I’ve voted and am proudly wearing my complimentary sticker on my shirt. I have no illusions about whether or not we’ll know anything about who won the election by tonight. Exit polls are about as reliable as the ones we’ve been hearing about for months. Americans are a fickle group. We’re about as bad as the Palm Sunday crowd that celebrated Jesus’ triumphal entry into Jerusalem, but then turned on him by the end of the week, and asked for him to be crucified.
People will tell you that this is the most important election in American history. In many ways, I think they’re right. The differences between candidates could not be any starker, but the most important election is our vote for Jesus. If I vote for Jesus then I can hold my nose and survive whomever is elected president. Don’t get me wrong! I voted for issues that I think are hugely important and are non-negotiable. I am reminded, however, that solutions to issues can often remain elusive even if your candidate wins. Our political system necessitates bargaining and compromise, a negotiation that hammers out legislation that everyone can live with. If it doesn’t, then that party or person certainly won’t last long.
The way our democracy works reminds me of making hash with a little bit of this and a little bit of that. It’s not a pretty sight, but the finished product is darn good! The difference between Republicans and Democrats reminds me of the story of a fellow trying to explain the difference between capitalism and communism. Pardon the sexist language, but here’s what he said: “In capitalism, man exploits man. In communism, it’s the other way around.” In other words, either way you go, usually somebody is the exploiter and someone is the exploited.
If you think any candidate or party is pure and clean as the morning dew, good luck with that. So, what we do is to try and discern, while admitting that everyone is subject to the failures that are common to all humanity, who or what is closest to the truth. Whose track record delivers, and who best upholds your non-negotiables? Frankly, I’m astounded at why in the world would anyone want to go into public service anyway unless they have a strong streak of masochism. It’s often a damned if you do, and damned if you don’t proposition. Thankfully, there are those well-intentioned servants who are truly willing to get into the fray because they care passionately about the common good. Today, of all days, I pray for these brave souls and their families.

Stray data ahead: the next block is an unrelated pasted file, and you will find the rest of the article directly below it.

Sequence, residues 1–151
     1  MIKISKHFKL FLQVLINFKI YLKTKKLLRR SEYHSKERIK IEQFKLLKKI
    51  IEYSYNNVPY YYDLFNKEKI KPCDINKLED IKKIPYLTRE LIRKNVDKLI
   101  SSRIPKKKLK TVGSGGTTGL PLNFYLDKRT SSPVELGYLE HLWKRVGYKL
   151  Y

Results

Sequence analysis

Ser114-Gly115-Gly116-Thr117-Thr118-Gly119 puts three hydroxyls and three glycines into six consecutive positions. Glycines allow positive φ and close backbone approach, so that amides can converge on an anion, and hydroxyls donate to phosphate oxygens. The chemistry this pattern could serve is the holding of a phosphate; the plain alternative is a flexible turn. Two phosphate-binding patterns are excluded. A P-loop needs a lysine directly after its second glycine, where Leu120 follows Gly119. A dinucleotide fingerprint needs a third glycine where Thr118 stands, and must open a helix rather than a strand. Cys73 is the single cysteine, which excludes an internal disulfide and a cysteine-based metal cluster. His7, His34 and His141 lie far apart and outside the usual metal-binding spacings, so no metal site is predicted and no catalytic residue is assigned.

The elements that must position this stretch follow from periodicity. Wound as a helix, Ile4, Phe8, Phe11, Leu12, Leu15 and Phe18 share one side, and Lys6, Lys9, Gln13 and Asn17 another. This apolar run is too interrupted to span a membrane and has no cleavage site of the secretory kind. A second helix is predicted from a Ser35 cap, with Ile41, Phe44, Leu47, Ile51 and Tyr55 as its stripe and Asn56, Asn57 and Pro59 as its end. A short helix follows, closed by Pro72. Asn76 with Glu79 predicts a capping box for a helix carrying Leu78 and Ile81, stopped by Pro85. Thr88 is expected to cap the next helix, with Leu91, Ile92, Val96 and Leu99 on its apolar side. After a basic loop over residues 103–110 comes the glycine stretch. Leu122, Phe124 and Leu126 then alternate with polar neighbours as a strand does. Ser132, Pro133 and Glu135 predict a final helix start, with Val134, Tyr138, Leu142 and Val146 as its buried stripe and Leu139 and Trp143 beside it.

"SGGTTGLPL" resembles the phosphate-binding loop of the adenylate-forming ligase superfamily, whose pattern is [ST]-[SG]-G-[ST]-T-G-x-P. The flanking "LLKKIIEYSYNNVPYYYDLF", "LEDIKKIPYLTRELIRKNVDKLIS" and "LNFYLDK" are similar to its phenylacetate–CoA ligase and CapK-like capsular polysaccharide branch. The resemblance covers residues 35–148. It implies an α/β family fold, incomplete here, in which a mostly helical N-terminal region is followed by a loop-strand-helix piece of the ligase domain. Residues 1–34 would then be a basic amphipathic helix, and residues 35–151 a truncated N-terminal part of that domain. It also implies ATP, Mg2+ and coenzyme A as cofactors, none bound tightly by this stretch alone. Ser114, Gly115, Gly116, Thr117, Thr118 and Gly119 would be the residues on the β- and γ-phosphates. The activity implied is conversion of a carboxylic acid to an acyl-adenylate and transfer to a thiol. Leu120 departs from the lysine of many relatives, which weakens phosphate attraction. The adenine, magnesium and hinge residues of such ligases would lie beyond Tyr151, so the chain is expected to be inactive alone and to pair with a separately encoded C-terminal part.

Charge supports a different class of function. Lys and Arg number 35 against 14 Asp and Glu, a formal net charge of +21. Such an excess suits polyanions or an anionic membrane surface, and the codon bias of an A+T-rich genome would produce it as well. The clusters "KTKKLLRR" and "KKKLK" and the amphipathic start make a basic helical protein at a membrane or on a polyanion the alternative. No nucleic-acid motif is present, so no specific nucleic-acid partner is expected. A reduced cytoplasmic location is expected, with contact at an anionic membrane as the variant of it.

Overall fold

The mud-slinging, personal attacks, and vicious rumors that would kill a weaker person end up aging people before our very eyes. Even the humor, both on late-night TV and around the water-cooler, is tainted and doesn’t do our public servants justice. There was one story going around that the word “politics” says all that you need to know about people running for office. It comes from two words, “poli” which means “many,” and “tics” which obviously means “blood-sucking creatures.” Of course, it doesn’t really mean that! Another jab has its roots in the man who wanted to try to figure out what his son’s profession would be. The man placed a Bible, a $100 bill, and a bottle of whiskey on a table near the back door so that his son couldn’t miss them. He hid behind the door and looked through the crack to see which of the items his son would pick up, thus determining what his son’s vocation would be.
The son walked in and picked up the $100 bill and the father thought, “Wonderful, he’s going to be a banker!” The son, however, put the $100 bill back down on the table. Then he picked up the Bible, and the father thought, “He’s going to be a minister!” Then the son put the Bible back down, and picked up the whiskey bottle. “Oh no, the father thought, “He’s going to be a drunk.” Then the lad put the whiskey bottle down and stared at all three objects. Thereupon, he picked up the $100 bill, the Bible and the whiskey bottle. The father thought, “Dear God, he’s going to be a politician.”
We can easily make fun of public servants, but these serious times demand great sacrifice of our public servants. We need to pray for them all daily. With the pandemic, social unrest, wildfires, hurricanes, and all the rest, this is no time for the faint of heart in the political arena. This is a difficult time for our country. God bless our leaders, our people, and our world so that “government of the people, by the people, and for the people shall not perish from the earth.” God bless America. Amen.